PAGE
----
We have thus noticed successively the leading points in the present state of the politics of Europe, and the extent of the preceding remarks reminds us that we must bring them rapidly to a close. The point of view which presents these occurrences in connexion with each other, as accidents happening to the different parts of the same great system, opens new fields of observation still more interesting perhaps, than those which we have surveyed. The prodigious ascendency of Great Britain and Russia over all the other powers, even those habitually reckoned as the first rate, the healthy, vigorous, and active constitution of Russia, as compared with the embarrassed and distracted situation of the Western nations, these are traits in the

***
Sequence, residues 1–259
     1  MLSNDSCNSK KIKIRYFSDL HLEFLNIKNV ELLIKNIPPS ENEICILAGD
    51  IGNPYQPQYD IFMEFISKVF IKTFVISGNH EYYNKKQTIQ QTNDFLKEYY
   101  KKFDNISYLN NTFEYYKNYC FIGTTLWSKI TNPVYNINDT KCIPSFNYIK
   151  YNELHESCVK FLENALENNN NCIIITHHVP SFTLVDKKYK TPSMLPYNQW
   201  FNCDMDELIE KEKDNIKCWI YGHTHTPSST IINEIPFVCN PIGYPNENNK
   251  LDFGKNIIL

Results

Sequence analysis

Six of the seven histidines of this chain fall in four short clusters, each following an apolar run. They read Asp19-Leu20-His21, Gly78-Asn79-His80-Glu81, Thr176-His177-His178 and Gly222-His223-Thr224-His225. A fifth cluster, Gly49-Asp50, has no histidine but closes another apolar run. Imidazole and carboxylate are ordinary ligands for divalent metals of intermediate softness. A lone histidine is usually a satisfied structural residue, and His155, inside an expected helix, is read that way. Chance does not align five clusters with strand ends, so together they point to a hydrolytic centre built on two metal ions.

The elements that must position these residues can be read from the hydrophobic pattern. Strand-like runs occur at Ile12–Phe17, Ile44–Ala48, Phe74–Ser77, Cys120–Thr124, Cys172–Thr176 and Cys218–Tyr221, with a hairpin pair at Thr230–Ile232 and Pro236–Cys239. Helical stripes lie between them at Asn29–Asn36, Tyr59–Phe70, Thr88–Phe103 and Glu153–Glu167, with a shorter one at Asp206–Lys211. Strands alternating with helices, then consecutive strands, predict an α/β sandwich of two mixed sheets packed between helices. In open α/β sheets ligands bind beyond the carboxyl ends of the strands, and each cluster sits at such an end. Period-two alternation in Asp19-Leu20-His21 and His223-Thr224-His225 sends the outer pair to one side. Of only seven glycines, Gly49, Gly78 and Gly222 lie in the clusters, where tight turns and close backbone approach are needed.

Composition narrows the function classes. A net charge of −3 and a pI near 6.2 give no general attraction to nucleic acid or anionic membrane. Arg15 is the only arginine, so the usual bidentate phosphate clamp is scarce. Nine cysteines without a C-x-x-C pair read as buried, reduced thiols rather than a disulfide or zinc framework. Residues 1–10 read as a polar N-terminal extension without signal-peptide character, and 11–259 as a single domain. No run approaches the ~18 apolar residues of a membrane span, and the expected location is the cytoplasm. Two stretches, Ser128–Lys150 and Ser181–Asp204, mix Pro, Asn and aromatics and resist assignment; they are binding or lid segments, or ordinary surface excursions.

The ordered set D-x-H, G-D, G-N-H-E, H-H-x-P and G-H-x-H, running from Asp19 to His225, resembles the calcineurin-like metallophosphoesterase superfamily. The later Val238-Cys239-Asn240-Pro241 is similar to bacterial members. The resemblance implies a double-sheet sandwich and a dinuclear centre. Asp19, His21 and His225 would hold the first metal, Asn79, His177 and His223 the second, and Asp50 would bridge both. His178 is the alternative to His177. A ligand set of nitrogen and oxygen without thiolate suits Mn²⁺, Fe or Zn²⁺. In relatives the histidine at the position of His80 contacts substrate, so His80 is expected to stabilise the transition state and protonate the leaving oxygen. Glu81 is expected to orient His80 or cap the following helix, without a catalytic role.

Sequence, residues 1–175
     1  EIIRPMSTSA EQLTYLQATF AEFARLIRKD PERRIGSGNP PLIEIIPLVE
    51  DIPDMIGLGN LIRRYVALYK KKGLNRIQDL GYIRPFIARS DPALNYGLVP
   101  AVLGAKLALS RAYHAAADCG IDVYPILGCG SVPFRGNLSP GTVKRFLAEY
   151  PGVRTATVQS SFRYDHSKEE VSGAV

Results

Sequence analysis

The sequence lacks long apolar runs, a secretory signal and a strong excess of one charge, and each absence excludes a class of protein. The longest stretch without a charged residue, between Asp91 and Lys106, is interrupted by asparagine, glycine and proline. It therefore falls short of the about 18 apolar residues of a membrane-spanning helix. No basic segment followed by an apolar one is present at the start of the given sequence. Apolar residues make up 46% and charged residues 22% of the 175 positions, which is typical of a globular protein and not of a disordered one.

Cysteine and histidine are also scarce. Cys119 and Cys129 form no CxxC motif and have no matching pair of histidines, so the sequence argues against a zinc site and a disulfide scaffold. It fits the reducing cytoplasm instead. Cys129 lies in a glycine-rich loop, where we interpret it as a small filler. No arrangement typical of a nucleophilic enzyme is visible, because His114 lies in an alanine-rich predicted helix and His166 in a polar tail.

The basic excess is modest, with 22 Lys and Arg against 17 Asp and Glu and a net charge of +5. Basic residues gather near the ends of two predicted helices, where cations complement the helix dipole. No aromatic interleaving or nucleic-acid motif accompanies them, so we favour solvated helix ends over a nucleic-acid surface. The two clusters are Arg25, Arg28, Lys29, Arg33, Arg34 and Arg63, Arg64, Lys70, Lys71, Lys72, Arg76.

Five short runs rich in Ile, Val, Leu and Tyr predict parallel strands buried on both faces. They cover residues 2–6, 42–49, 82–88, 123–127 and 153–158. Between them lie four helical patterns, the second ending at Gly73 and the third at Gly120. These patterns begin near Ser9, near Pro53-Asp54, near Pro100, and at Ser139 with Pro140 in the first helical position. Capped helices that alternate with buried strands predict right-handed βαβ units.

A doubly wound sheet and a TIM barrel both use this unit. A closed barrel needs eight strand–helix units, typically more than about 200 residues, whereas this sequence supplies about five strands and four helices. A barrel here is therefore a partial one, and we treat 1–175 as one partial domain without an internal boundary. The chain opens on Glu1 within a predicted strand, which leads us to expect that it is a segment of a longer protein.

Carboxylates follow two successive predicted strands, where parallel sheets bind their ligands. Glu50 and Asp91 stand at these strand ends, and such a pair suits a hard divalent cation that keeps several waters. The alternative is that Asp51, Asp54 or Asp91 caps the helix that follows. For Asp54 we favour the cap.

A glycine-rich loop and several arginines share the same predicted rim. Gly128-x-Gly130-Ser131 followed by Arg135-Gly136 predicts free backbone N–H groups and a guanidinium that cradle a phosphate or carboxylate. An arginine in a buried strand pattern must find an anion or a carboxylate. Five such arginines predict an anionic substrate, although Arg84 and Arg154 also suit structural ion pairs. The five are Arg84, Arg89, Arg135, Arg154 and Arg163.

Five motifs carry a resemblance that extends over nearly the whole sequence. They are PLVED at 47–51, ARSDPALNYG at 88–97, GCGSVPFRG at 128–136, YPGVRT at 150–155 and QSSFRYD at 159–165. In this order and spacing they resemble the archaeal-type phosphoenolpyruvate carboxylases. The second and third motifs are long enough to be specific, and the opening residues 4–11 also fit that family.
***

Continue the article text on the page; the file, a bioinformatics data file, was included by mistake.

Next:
picture, which strike the observant eye too plainly to be overlooked or mistaken, which are important even to us, and to Europe momentous, perhaps alarming. At other times Austria, France, Great Britain, even Spain and Turkey, have successively kept the other nations in terror, and swayed for a while the sceptre of christendom. Now the Autocrat of Russia rules the ascendant; Great Britain leads the defensive; France follows in the wake of one or the other, while the rest of the powers, including even Austria, are passive spectators. Again; what stability, vigor, and wisdom, on one side! What division, feebleness, confusion, on the other! Behold France, illustrious, beautiful, cultivated France, rent in twain by permanent political dissensions, that can never be reconciled; Russia presenting to the world a compact and undivided mass, or if accidental troubles occur, only making them occasions for new displays of magnanimity and wisdom in the highest quarters. Compare for a moment the generous contention between the Granddukes Nicolas and Constantine, who should not be the emperor of all the Russias, with the paltry five and three per cent. struggles between Messrs de Villèle and de Châteaubriand, each anxious not so much to obtain power himself, as to prevent the other from possessing it. Contrast the correspondence of the highminded Muscovite princes, on the occasion just alluded to, with the debates in the British Parliament, on the several changes in the ministry since the death of Mr Canning. Contrast the tone of the papers and speeches of this justly eminent statesman on the most important subjects, with the decision, depth, and moderation of the Russian diplomacy. We seem to pass from the domain of one of the two great principles which divide the world between them into that of the other, and unhappily the west is not the bright side. The power of Russia is no doubt tremendous, and the steady, untiring march of her military progress must inspire the western nations with serious alarms. While the councils of Great Britain are suspended on the grand question, whether Lord Althorpe shall be chairman of a Committee of Finance, which finally unsettles the government; while France is agitated through all her departments by the momentous debates of half a dozen newspapers, the Russian armies are crossing the Araxes. They dictate peace on their own terms in the second city in Persia. This treaty is, it seems, not ratified, and the next will of course be signed at Teheran. In the meantime, another army is pouring into the Ottoman